Out-Law / Your Daily Need-To-Know

Yahoo! has been sued for $3 million because it did not remove nude photos of a woman, posted on-line by her ex-boyfriend without permission. The claim appears to focus on a failure to honour an alleged promise to remove the pictures.

Cecilia Barnes, 48, from Oregon, claims that she discovered the postings when strange men began e-mailing her and turning up at her workplace expecting sex.

It turned out that her ex-boyfriend had posted nude photos of Ms Barnes in the profiles section of Yahoo!'s Member Directory and, pretending to be Ms Barnes in Yahoo! chat rooms, had encouraged men to visit the profile – where her work contact details were also posted.

Ms Barnes says that she asked Yahoo! to remove the postings on various occasions, but without success. According to TimesOnLine, she claims that she eventually received a verbal promise from Yahoo!'s director of communications, Mary Osako, that the postings would be removed. They were not, and Ms Barnes sued.

US commentators suggest that her best chance of success in the action will be to rely on the broken promise, and not Yahoo!'s overall failure to remove the pictures, due to broad protections for hosts in the US.

In the US, ISPs such as Yahoo! are generally immune from liability under a provision in the Communications Decency Act which grants immunity from suit to those who provide material on the internet that was written by others. The Act states:

"No provider or user of an interactive computer service shall be treated as the publisher or speaker of any information provided by another information content provider."

While most of the Communications Decency Act has been struck down as unconstitutional, this provision survives.

If this happened in the UK...

It is not necessarily easier to deal with these circumstances in the UK.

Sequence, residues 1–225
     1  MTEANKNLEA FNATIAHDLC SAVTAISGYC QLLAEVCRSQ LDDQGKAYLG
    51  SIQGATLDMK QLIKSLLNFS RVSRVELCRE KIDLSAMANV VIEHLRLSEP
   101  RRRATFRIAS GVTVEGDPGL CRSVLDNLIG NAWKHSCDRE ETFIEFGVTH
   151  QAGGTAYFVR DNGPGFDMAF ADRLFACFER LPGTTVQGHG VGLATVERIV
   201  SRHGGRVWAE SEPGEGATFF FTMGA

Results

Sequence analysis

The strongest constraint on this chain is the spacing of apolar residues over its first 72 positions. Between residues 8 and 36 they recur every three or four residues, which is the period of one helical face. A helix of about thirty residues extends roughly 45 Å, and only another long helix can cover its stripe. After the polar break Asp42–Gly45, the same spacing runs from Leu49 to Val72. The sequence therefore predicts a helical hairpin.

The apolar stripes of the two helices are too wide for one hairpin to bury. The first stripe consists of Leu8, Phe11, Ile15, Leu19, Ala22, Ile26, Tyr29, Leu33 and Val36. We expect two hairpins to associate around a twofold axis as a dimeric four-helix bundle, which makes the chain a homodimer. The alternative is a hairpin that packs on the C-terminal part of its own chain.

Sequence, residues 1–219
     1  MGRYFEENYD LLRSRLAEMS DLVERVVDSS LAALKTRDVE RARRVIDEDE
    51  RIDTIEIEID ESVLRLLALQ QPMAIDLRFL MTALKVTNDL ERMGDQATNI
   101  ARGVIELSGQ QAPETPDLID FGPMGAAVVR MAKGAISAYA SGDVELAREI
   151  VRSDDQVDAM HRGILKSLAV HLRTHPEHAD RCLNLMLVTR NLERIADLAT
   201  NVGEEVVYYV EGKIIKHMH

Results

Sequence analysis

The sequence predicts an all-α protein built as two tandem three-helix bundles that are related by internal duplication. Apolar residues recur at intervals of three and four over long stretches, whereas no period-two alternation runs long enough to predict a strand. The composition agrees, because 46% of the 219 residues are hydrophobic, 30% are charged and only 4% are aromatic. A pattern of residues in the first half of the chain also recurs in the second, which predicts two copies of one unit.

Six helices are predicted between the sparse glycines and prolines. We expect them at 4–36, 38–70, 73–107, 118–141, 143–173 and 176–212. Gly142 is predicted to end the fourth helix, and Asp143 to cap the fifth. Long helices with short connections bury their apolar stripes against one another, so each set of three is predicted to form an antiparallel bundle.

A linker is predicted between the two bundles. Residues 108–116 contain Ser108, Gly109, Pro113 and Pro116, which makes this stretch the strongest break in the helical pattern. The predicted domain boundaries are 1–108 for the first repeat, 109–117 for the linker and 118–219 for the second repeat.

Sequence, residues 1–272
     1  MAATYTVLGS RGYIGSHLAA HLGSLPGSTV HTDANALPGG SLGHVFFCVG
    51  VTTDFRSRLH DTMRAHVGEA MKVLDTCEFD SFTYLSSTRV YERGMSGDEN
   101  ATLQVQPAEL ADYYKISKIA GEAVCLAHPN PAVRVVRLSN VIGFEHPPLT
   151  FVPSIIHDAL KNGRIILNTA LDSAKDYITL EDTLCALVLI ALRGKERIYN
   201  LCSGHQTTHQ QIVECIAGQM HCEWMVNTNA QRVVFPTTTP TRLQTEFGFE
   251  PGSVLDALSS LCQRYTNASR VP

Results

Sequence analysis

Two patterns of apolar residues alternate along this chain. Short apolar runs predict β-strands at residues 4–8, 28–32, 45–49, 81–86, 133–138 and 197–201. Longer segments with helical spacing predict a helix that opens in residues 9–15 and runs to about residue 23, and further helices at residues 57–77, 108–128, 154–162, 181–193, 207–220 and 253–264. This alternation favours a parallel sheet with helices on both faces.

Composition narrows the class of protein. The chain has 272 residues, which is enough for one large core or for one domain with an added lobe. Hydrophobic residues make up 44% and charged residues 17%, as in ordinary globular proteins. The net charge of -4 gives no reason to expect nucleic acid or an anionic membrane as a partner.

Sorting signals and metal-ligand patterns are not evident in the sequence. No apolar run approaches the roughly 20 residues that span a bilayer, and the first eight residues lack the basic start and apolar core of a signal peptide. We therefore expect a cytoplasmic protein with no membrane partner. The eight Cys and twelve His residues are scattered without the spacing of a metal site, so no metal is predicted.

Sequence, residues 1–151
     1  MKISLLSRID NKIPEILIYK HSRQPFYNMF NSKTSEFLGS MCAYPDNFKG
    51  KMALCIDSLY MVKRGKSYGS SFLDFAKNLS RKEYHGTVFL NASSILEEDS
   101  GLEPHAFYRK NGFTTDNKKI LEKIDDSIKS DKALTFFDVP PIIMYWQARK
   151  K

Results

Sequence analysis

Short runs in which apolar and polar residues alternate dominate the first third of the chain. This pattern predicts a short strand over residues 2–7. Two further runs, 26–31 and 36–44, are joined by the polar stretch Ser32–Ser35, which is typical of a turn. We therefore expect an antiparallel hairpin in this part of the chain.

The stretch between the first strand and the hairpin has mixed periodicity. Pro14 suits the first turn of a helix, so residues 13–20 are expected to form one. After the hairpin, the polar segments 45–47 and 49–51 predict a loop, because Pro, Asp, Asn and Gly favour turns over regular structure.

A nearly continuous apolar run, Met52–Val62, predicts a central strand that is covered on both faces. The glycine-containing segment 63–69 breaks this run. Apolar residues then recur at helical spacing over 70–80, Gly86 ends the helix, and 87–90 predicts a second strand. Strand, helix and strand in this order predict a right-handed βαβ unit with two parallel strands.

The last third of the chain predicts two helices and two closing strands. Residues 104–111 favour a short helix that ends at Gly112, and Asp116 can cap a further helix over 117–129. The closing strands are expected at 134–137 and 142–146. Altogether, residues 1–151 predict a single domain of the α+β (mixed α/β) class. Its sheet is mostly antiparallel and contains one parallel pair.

The best argument might be that there is defamation in the posting of a photo accompanied by disparaging statements that purport to come from the subject. Viewed in the context of accompanying comments that invite sex, it should be possible to convince a court that the subject's reputation would be lowered, as a legal test puts it, in the minds of ordinary and reasonable people and that defamation exists.

When defamatory third party material appears on a web site that is not approved or monitored by the host, the host is usually protected by laws that operate in a similar way to the US provisions - until the host is made aware of the unlawful material. At that point, the host must act quickly, either to remove the unlawful content or to disable access to it. If the host fails to act expeditiously, the protection is lost and the host becomes liable.

However, in the absence of the postings that encourage others to contact the subject for sex, it is far from certain that a defamation claim would succeed, albeit generally easier to sue for defamation in the UK than in the US. A naked picture taken with consent is unlikely to amount to defamation in the UK on its own, unless its context incorrectly portrays the subject as, for example, promiscuous.

Depending on the circumstances, there may also be a data protection claim. In 2003, the European Court of Justice ruled against a woman who identified and included information about fellow church volunteers on her web site without consent from the subjects. But the data protection argument may stand a better chance against the individual who made the posting to a public web site than against the host – and revenge is unlikely to be the subject's primary concern.

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